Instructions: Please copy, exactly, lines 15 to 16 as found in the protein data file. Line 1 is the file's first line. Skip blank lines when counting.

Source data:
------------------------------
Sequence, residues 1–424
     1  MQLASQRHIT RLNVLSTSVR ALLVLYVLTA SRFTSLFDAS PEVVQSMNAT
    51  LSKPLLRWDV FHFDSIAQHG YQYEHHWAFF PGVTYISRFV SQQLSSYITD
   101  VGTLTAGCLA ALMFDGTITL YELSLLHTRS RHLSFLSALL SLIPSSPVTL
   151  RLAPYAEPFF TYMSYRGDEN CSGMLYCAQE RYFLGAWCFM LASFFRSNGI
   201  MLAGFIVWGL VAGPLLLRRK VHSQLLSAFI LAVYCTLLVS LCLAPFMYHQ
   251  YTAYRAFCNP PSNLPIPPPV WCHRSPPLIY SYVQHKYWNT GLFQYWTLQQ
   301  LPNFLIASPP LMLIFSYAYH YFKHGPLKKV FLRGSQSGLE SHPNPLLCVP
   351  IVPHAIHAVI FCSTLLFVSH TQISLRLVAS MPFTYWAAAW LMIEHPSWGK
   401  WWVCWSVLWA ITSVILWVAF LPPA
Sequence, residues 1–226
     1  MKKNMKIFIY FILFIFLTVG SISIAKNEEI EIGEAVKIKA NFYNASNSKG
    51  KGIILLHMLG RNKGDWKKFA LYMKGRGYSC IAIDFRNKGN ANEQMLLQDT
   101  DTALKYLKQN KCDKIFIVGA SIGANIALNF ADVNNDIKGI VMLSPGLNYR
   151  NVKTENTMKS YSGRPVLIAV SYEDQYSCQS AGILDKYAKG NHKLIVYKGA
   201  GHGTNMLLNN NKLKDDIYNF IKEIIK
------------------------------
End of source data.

   151  NVKTENTMKS YSGRPVLIAV SYEDQYSCQS AGILDKYAKG NHKLIVYKGA
   201  GHGTNMLLNN NKLKDDIYNF IKEIIK